Hard product vs. soft product

March 21, 2010 – 5:41 pm

In the IT industry space and data storage or computers and servers particularly so, mention hard product or software product and what comes to mind?

How about physical vs. virtual servers or storage, hardware vs. software solutions, products vs. services?

By contrast, in the aviation and airline industry among others, mention hard vs. soft product and there is a slight variation, which is the difference between one providers service delivery experience.

For example, two or more different airlines or carriers may fly the same aircraft perhaps even with the same engines, instrumentation, navigation electronics and base features, all part of the hard product.

Example of a Hard Product

Example of a hard product (Embraer 175)

However, their hard product could vary by type of seats, spacing or pitch along with width, overhead luggage room, Video on Demand (VoD) or In Flight Entertainment (IFE) as well as different cabin treatments (carpeting, wall coverings) and galley configurations. Even in scenarios where carriers have the same equipment and hard product, their soft product can differ.

Example of a Soft Product, that is service (or lack there of) being delivered

Example of a Soft Product (Service or lack there of being delivered)

The soft product is the service delivery experience including by the cabin crew (flight attendants and pursers), food (or lack of), beverage, presentation and so forth. Also part of the soft product can be how seats are allocated or available for selection, boarding process and other items that contribute to the overall customer experience.

This all got me thinking on a recent flight where the hard product (e.g. aircraft) of a particular carrier was identical; however given transitions taking place, the soft product still differed as was not fully integrated or merged yet. What the experience got me thinking about is that in IT, customers or solution providers can buy the same technology or hard product (hardware, software, services) from the same suppliers yet present different soft products or service experience to their customers.

Example IT hard product (hardware and software) delivering soft product services

IT equipment being used for delivery of different soft products

Im sure that some of the cloud crowd cheerleaders might even jump up and down and claim that is the benefit of using managed service producers or similar services to obtain a different soft product. And while that may be true in some instances, it is also true that different traditional IT organizations are able to craft and deploy various types of soft products to their customers to meet different service requirements, cost or economic objectives using the same technology used by others.

A different example of hard vs soft product is a site I have visited that has mainframes, windows and open systems servers whose business requires a soft product that is highly available, reliable, flexible, fast and affordable. Needless to say, in that environment, some of the open systems including windows platforms can have reliability close to if not equal to the mainframes.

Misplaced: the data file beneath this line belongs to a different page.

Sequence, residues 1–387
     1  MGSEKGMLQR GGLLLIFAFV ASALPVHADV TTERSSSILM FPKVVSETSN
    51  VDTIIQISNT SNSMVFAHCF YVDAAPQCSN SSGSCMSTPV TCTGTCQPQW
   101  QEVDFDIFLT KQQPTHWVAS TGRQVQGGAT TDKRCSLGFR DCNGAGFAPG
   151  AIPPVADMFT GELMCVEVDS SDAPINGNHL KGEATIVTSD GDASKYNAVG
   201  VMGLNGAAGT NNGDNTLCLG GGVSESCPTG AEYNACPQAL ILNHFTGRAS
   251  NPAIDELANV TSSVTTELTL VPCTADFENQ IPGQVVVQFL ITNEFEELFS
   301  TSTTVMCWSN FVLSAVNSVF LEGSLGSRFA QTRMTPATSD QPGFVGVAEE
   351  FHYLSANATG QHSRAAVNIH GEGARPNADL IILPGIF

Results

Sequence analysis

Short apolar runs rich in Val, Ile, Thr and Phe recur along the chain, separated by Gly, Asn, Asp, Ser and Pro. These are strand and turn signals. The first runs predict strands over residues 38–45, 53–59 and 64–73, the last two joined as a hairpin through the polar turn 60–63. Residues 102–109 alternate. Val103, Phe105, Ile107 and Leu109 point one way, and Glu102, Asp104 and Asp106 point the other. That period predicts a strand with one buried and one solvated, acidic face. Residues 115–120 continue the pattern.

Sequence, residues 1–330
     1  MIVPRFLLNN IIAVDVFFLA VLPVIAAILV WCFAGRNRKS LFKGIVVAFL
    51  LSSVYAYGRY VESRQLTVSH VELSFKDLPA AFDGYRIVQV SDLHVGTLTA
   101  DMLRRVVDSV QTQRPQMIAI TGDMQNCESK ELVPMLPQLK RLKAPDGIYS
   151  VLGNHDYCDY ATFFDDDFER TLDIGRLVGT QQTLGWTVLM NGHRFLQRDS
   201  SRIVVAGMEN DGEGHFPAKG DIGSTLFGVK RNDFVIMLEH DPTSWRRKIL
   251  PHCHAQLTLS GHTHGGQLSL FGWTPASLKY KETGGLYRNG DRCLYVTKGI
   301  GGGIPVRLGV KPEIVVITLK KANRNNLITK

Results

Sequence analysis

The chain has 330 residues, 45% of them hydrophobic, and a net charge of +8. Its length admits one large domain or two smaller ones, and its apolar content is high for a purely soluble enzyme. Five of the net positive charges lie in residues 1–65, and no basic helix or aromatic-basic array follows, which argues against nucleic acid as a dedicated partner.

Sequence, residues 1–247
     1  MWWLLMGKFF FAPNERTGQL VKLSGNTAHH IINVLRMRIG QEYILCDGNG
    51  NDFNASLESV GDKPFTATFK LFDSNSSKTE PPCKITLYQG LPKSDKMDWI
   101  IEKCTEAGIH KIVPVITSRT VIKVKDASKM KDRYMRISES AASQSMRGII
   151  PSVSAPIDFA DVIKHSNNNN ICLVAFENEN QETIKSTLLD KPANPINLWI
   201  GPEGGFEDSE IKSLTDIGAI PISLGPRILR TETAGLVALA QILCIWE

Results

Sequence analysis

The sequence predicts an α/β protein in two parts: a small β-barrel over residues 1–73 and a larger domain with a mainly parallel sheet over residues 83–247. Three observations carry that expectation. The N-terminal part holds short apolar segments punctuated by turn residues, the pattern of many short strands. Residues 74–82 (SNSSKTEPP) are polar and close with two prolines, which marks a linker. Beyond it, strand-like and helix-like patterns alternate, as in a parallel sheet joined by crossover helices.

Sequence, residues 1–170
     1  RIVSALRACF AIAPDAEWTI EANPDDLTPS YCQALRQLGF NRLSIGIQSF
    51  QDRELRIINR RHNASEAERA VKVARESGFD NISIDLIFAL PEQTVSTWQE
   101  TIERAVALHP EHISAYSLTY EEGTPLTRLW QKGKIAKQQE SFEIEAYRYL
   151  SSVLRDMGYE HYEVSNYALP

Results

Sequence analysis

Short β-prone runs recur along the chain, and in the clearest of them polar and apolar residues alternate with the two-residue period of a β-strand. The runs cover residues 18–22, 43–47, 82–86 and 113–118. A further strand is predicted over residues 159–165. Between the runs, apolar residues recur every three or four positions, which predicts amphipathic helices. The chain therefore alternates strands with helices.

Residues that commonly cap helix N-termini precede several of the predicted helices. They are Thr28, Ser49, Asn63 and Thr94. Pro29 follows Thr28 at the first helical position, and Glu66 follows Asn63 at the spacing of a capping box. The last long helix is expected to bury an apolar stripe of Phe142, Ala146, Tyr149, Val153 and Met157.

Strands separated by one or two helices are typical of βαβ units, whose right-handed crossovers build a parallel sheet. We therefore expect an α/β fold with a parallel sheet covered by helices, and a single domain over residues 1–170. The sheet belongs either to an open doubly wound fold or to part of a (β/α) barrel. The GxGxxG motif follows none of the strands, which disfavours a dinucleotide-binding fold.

Example IT hard product (hardware and software) delivering soft product services
IT equipment being used for delivery of different soft products

What is even more amazing is that no special or different hard products (e.g. servers, storage, networks or software) are being used to achieve those services objectives. Rather it is the soft product that achieves the results in terms of how the techniques are used and managed. Likewise I have heard of other environments that have mixed mainframe and open systems, using common hard products as other organizations yet whose soft product is not as robust or reliable as others. If using the same hard product that is same software, hardware, networks and services, how could the soft product be any less robust?

The answer is that good and reliable technology is important, however the technology is only as good as how it is managed, configured, monitored and deployed centering on processes, procedures and best practices.

Next time you are on an airplane, or, using some other service that leverages common technologies (hardware or software or networks) take a moment to look around at the soft product and how the service experience of a common hard product can vary. That is, using common technology, how can various best practices, policies and operating principals to meet diverse service requirements differ to meet demand as well as economic requirements.

What is your take and experience on different hard vs soft products in or around IT?

Ok, nuff said.

Cheers gs

Greg Schulz – Author Cloud and Virtual Data Storage Networking (CRC Press), The Green and Virtual Data Center (CRC Press) and Resilient Storage Networks (Elsevier)

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